The magic vibrations of the original substance

Corporate behemoth tries to put the frighteners on one powerless blogger because he said things about one of its risible products. (Yes risible. Go ahead, sue me.)

…the international homeopathy producer, Boiron, is threatening a lone Italian blogger because he dared to criticize their product, Oscillococcinum. The blogger, Samuele Riva, wrote two articles on his blog, blogzero.it, criticizing what our own Mark Crislip has called “oh-so-silly-coccinum.”

Boiron is the largest manufacturer of homeopathic products in the world and the second largest manufacturer of over-the-counter products in France.What they are doing to this small blogger, in my opinion, is nothing less than corporate thuggery. They are using their resources and their corporate lawyers to try to silence completely legitimate criticism of their pseudoscientific products. Of course, they will only succeed in magnifying that criticism.

Steven Novella goes on to say what there was to criticise.

Riva suggested that Boiron’s oscillococcinum has no active ingredient. Well, let’s see- the company lists the active ingredient in this product as “Anas barbariae hepatis et cordis extractum 200CK HPUS.” The “200C” means that the listed ingredient was diluted with a 1:100 dilution 200 times. Serial dilution is a funny thing – a 200c dilution is the equivalent of diluting 1ml of original ingredient into a volume of water that is the size of the known universe. This is far far beyond the point where there is any reasonable chance of there being even a single molecule of original ingredient left.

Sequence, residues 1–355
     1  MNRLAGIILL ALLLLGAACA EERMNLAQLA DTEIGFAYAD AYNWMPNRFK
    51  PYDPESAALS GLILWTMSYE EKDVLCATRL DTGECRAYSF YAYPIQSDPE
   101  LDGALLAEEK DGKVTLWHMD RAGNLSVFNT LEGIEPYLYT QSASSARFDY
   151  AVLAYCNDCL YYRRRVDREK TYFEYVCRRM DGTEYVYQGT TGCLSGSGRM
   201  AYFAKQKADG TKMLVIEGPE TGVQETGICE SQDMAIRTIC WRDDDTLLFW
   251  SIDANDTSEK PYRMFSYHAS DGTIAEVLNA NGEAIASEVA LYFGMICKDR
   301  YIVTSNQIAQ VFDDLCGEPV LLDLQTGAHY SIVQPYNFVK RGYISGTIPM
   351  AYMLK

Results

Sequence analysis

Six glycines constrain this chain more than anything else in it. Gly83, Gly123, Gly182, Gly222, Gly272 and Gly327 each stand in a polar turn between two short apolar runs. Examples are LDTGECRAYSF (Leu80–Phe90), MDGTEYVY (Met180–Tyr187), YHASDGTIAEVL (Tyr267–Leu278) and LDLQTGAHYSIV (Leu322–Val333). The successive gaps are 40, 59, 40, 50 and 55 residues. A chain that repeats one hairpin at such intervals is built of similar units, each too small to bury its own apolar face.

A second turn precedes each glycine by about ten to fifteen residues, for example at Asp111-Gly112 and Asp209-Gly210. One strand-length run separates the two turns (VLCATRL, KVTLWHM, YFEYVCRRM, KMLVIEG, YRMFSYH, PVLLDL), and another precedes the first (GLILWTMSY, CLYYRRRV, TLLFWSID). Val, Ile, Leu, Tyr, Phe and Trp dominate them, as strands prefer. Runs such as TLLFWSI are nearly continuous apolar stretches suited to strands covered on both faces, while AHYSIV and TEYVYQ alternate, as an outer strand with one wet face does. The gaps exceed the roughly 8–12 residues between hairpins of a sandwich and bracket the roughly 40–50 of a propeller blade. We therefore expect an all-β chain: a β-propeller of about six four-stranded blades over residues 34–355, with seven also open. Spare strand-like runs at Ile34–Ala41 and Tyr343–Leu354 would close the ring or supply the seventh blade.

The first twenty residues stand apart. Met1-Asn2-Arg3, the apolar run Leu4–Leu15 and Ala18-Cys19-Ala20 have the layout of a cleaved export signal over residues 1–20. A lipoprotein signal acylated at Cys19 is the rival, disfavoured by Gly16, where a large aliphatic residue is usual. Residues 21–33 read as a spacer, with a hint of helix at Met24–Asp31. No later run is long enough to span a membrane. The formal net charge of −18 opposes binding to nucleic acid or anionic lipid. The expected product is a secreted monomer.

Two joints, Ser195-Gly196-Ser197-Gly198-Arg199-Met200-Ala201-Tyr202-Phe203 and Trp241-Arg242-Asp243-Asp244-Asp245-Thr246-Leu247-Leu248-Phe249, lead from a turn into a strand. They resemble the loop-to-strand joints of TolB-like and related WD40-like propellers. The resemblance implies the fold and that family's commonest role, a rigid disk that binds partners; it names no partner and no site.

And then, even if it’s not diluted…

That’s right, oscillococcinum does not even exist – essentially Boiron takes fairy dust and then dilutes it out of (non)existence. The “anas barbariea hepatis” is basically duck liver, which is supposed to contain the most concentrated nonexistent oscillococcinum. It’s a pseudoscience trifecta.

I hope Boiron does draw a line in the sand over their oscillococcinum product, and that it becomes the center piece of a broader public discussion about homeopathy. Most of the public does not understand what homeopathy actually is. They think it means “natural” or “herbal” medicine. They have no idea that homeopathy is about taking fanciful ingredients with a dubious connection to the symptoms in the first place, and then diluting them into oblivion, then placing a drop of the pure water that remains and placing it on a sugar pill. The resultant pill is then supposed to contain the magic vibrations of the original substance.

“Supposed to”?? Sue that man!

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